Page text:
Learned counsel for the accused applied to the learned district judge to direct a discharge amounting to an acquittal under s 183(2) of the Criminal Procedure Code but the latter declined to do so.
Instead, he ordered that the accused be discharged not amounting to an acquittal on the two charges. His sole and only ground may be summarised in this way. The prosecution in the case was unable to proceed because of the unavailability of the two witnesses. Since it was not withdrawing the charges, the prosecution had not informed the court that `(it) will not further prosecute the (accused) upon the charge(s)` within the meaning of that phrase (as substituted) in s 183(1) of the Criminal Procedure Code. He accordingly held that `there was nothing (in the provisions of the Criminal Procedure Code) which could empower me to discharge the accused amounting to an acquittal`. With the greatest of respect to the learned district judge, I am of the view that he has misconstrued the meaning of the phrase in s 183(1) of the Code which I have quoted. I must now recite s 183 of the Code which is in the following terms:

(1) At any stage of any summary trial before judgment has been delivered, the Public Prosecutor may, if he thinks fit, inform the court that he will not further prosecute the defendant upon the charge and thereupon all proceedings on the charge against the defendant shall be stayed and he shall be discharged from and of the same.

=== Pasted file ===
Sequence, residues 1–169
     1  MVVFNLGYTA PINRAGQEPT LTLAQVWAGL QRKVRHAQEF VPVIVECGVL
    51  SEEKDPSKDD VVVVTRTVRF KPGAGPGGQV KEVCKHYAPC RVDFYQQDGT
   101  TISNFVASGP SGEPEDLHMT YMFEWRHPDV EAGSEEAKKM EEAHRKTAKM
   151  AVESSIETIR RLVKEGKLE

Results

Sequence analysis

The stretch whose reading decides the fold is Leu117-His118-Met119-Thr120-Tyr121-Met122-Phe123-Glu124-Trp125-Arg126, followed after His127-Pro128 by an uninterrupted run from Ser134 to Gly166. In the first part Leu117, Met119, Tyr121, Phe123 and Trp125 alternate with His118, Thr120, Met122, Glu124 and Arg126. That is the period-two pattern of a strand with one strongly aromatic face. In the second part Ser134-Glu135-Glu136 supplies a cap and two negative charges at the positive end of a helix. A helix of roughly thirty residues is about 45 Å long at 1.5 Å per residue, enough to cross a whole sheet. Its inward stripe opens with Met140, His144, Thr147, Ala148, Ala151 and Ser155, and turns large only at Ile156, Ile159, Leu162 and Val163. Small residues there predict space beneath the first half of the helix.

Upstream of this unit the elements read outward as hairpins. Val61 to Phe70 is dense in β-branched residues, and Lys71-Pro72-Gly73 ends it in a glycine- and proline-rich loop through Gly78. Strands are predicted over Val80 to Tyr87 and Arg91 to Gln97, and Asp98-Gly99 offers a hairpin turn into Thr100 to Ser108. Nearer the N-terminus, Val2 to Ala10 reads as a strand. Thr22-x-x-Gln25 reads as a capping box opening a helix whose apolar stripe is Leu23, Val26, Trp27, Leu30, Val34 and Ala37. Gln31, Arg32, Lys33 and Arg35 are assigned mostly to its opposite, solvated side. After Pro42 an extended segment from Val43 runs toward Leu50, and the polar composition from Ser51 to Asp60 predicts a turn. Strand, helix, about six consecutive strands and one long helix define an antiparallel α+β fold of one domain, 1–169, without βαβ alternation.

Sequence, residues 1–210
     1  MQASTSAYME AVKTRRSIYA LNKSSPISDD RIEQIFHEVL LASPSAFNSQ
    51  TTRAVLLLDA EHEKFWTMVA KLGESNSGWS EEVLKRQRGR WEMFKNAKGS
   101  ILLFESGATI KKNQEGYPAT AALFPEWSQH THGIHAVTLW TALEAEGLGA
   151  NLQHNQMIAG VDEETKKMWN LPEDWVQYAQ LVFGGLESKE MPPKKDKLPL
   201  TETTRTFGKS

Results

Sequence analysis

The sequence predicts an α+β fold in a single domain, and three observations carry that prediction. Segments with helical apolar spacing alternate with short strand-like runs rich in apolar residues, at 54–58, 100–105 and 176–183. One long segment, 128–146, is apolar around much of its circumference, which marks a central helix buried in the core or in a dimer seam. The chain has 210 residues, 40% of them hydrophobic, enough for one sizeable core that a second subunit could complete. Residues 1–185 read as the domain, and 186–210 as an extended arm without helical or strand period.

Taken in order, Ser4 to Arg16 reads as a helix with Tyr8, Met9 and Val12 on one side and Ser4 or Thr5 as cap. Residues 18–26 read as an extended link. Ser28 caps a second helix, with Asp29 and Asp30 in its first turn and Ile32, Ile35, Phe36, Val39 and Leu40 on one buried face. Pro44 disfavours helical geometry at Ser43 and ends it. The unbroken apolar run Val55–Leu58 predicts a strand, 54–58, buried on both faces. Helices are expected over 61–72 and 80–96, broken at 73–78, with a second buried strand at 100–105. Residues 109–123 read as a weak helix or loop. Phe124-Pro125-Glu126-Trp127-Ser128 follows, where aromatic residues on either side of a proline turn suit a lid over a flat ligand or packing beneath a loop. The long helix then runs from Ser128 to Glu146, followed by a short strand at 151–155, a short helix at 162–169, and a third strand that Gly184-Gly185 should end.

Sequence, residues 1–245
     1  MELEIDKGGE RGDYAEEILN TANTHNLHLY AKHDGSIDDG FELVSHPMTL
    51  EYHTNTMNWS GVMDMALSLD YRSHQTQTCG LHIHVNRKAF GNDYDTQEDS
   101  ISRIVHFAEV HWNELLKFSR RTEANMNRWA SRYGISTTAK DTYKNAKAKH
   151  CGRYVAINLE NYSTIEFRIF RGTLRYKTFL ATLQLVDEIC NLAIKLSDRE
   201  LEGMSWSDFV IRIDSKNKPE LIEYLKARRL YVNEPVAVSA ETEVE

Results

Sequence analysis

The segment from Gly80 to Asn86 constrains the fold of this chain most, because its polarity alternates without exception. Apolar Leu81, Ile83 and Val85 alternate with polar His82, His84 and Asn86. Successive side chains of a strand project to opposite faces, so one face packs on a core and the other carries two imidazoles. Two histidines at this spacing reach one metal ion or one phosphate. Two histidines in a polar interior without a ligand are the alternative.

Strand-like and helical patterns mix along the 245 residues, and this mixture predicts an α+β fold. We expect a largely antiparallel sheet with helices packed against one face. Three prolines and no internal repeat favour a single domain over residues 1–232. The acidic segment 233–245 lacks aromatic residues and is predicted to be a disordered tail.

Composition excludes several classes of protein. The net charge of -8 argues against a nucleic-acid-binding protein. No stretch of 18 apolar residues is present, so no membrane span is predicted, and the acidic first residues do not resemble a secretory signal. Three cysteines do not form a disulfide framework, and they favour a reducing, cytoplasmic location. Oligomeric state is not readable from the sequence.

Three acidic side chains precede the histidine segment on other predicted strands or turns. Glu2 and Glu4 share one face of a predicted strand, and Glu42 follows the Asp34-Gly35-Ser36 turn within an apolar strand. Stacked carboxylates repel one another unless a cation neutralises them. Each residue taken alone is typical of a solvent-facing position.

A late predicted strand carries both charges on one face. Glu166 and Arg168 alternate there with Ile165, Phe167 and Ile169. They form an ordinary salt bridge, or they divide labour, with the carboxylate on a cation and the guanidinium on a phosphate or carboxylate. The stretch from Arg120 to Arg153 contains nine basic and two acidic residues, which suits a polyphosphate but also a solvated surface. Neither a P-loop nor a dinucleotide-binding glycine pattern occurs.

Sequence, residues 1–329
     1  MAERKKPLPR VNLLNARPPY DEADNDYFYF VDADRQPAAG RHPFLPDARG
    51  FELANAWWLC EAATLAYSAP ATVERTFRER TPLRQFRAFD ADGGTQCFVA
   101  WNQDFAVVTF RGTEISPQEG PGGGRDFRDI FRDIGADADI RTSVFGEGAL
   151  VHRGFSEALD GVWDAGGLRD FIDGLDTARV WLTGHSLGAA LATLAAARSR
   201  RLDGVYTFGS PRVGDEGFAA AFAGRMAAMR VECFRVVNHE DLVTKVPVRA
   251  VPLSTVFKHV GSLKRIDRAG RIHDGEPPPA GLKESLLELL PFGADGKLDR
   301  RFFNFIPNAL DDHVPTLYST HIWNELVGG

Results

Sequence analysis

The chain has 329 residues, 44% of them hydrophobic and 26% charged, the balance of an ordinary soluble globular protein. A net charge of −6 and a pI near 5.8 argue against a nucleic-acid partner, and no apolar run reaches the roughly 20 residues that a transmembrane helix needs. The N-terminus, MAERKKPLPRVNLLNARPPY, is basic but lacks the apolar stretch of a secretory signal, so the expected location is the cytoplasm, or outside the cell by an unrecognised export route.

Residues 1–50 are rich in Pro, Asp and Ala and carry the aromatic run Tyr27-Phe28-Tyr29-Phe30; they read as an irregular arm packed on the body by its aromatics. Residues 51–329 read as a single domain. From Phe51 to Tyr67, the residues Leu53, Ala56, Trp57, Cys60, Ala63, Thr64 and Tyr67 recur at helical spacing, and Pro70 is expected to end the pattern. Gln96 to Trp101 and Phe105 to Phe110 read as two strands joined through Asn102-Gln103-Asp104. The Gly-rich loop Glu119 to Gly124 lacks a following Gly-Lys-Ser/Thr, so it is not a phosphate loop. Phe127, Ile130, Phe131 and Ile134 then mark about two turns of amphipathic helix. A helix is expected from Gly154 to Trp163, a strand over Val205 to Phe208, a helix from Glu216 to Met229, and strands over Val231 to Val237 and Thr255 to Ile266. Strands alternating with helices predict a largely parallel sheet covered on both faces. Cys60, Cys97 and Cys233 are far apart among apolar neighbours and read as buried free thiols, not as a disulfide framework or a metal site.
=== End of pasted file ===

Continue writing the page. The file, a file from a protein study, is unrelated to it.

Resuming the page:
(2) Such discharge shall not amount to an acquittal unless the court to directs except in cases coming under s 176.

What then must the Public Prosecutor inform the court before the consequences of a stay of the proceedings and a discharge of a defendant can arise and take place?
In other words, what is the meaning of the phrase `he (the Public Prosecutor) will not further prosecute the defendant upon the charge?` To my mind, there are two possible meanings. The first is the Public Prosecutor informing the court that for some reason, such as the unavailability of a prosecution witness, he will not at the stage when the case has come on for hearing go on with the prosecution of the defendant upon the charge. In other words, he informs the court that he has decided that he will not take the prosecution beyond what has gone on up to that stage....